Habib Koite to bring innovative, acclaimed music to UCSD

    You may have heard the word “”griot”” in reference to artists in Africa, but what exactly does this term mean? A griot appears to be a type of multifunctional historian, storyteller and praise-singer whose role in society entails, in part, spokesperson, reporter of news, adviser, musician, teacher and ceremonial leader. As a descendant of the noble line of Khassonké griots (from the Western frontier of Mali), guitarist and composer Habib Koité takes on some of the griot’s functions by infusing his innovative musical style with cultural elements that represent different ethnicities and regions of Mali.

    On Jan. 23, Koité will partake in a Regent’s Lecture/Concert, “”Electronic Griots: Musical Connections in the Cycle of World Music,”” at 6 p.m. at Price Center Theater. The event, organized by UCSD’s African and African-American Studies Research Project and the sociology, ethnic studies and music departments, is free and open to everyone.

    Koité, an award-winning musician, is one of the few African artists who has managed to break into mainstream pop and gather welcoming commendations from numerous critics, including a proclamation by Rolling Stone hailing Koité as “”the biggest pop star of the West African nation of Mali.”” His music is entrancing and melodic, mingling traditional aspects of Malian rhythms with a unique collection of contemporary styles, including blues, jazz, pop, flamenco and hip-hop, and his singing style is more rhythmic than the more leisurely, spoken griot styles. On his recent album Baro, Koité covers the musical spectrum with the Cuban-influenced, soulful ballad “”Batoumanbe;”” the upbeat, Latin-style version of his first hit “”Cigarette Abana;”” the lyrical “”Roma,”” which is infused with a flute-like instrument; and the more classical, acoustic arrangements of “”Kanawa”” and “”Tere.””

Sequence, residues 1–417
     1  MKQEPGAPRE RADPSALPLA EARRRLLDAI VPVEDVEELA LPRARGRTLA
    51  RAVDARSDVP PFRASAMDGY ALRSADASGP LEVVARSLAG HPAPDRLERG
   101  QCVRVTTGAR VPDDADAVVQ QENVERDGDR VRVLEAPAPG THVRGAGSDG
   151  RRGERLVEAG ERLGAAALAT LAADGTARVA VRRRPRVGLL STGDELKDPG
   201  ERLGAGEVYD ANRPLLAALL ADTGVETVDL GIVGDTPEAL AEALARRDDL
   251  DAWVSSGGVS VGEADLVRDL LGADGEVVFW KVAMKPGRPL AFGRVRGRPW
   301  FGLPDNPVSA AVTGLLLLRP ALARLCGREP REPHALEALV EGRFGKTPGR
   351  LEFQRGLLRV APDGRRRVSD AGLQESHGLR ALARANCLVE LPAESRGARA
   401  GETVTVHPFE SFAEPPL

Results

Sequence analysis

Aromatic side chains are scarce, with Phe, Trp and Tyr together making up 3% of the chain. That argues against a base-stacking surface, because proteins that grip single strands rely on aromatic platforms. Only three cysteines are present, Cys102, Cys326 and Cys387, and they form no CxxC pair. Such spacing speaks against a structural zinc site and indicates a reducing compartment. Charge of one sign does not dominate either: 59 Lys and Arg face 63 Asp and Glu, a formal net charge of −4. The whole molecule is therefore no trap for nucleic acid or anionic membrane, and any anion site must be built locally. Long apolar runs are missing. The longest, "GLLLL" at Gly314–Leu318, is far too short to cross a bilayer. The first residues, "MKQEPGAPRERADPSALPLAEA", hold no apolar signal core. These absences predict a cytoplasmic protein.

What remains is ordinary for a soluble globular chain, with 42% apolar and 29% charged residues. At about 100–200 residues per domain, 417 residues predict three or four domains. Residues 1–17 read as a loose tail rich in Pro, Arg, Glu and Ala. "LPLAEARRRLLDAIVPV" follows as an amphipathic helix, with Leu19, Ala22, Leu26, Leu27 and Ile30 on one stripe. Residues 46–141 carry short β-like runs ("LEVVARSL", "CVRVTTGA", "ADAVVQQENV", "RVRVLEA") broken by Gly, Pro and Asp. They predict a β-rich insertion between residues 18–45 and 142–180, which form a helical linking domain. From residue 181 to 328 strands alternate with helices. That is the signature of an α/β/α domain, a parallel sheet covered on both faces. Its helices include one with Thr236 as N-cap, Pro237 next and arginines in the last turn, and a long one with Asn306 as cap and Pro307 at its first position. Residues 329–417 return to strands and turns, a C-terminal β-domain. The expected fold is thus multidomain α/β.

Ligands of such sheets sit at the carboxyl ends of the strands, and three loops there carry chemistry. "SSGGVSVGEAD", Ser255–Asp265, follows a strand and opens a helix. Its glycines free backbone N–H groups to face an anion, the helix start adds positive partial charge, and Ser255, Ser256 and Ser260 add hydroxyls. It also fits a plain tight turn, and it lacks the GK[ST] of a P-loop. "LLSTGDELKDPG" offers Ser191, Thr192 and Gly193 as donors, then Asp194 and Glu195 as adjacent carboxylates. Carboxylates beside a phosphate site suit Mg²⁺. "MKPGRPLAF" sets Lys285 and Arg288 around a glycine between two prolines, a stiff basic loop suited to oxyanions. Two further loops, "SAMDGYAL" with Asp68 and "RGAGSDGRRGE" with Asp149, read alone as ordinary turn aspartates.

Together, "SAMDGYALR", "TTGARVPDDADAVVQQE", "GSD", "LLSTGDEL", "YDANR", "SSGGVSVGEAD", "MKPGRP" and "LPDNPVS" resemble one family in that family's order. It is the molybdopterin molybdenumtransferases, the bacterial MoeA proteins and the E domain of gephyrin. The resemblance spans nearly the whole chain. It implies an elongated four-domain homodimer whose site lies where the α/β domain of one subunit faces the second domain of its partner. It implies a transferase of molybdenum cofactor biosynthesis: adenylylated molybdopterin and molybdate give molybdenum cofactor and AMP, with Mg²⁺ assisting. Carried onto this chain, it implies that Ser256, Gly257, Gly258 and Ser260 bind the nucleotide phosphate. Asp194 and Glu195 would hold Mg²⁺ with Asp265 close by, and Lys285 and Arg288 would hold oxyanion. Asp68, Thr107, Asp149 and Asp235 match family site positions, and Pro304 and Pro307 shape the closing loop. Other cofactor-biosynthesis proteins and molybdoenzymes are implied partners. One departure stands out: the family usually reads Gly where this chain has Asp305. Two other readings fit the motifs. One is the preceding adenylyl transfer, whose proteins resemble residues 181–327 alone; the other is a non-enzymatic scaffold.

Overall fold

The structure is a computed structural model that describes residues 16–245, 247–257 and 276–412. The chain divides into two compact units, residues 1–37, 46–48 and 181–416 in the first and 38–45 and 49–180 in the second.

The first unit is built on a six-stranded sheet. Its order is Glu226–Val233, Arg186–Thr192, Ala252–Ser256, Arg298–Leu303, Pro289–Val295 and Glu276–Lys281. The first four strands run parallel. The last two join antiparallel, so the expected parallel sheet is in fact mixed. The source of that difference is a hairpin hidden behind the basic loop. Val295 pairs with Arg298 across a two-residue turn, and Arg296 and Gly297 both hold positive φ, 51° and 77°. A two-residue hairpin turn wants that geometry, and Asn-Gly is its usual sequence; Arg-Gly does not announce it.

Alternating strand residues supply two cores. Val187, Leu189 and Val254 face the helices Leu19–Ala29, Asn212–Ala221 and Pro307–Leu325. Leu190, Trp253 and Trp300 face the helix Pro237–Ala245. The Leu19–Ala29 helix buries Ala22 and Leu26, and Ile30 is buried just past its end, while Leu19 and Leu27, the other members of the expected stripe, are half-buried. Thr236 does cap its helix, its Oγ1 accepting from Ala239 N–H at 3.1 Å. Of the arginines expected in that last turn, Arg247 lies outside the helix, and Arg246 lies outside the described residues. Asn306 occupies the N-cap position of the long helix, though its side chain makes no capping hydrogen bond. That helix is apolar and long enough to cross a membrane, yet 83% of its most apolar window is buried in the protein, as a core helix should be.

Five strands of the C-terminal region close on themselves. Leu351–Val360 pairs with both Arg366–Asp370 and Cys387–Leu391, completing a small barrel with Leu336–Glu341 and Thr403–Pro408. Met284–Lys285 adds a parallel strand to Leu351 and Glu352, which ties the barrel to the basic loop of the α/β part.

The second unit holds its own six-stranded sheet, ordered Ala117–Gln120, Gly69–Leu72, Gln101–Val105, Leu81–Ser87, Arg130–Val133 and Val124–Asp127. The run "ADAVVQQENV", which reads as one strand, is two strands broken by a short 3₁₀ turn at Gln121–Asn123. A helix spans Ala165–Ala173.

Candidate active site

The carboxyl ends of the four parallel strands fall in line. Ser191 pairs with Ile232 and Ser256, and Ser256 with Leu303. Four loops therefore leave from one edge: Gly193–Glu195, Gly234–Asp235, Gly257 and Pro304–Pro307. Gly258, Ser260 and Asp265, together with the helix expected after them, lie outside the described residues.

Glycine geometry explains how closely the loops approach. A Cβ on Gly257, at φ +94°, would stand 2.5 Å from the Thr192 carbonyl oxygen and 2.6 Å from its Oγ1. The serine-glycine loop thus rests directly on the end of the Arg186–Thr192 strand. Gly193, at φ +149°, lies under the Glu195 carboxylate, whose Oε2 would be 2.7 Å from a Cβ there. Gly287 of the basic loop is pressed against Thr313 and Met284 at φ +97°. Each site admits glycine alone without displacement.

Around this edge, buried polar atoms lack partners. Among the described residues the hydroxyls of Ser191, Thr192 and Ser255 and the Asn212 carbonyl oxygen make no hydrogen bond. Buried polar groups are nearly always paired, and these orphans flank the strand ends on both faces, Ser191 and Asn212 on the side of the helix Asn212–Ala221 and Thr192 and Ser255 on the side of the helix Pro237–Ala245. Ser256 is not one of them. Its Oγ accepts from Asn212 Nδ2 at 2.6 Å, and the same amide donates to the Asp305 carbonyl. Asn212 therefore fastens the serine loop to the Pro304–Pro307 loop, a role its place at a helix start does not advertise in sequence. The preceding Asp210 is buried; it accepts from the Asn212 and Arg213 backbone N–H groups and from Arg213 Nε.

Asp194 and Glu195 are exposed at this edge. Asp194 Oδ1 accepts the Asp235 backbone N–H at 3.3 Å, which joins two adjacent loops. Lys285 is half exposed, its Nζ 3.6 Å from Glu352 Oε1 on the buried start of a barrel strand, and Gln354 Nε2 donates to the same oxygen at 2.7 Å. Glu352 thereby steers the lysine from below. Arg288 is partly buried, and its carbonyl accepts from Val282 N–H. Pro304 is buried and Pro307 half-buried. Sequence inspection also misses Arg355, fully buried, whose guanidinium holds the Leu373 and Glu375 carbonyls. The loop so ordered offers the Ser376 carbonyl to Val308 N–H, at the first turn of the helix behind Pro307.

Koité was born in Sénégal in 1958. His developing talent left an imprint on Koité’s uncle, who urged his nephew to pursue a career in music rather than in engineering. Koité enrolled at the National Institute of Arts and during his studies he spent time playing with other musicians, including Kélétigui Diabaté, who is considered to be Mali’s king of the balafon (a West African xylophone). Within six months, he became the conductor of the school’s prominent band INA Star, and in 1982, he graduated at the top of his class and was automatically hired by the school as a guitar teacher.

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    In 1988, Koité formed his own band, Bamada ‹ a nickname for residents of Bamako, which roughly means jaws of the crocodile ‹ with childhood friends, including Diabaté. With Bamada, Koité began experimenting with original lyrics and inventive sounds, and playing at festivals. He also picked up two prestigious awards, a first prize at the Voxpole Festival in Perpignan, France, and a Radio France International Discoveries prize. In 1995, Koité and Bamada released their first album, Muso Ko, and immediately started performing at various venues and festivals throughout Europe, including the World Roots Festival. Their second collaboration, Ma Ya, released in 1998, garnered immediate acclaim both in West Africa and the United States. The subsequent Mali to Memphis tour introduced the lively act to a new stable of fans, including Jackson Browne and Bonnie Raitt.

    Since the critical acknowledgement, Koité and Bamada have released two more CDs ‹ Baro in 2001 and Foly in 2003 ‹ and taken part in several tours, including Voices of Mali with Oumou Sangare. In 2002, Koité won a Best West African Artist Kora, Africa’s Grammy Award. For now, Koité and Bamada are in the midst of spreading their infectious rhythms, and in a sense, Koité is effectively undertaking the significant role of a griot.

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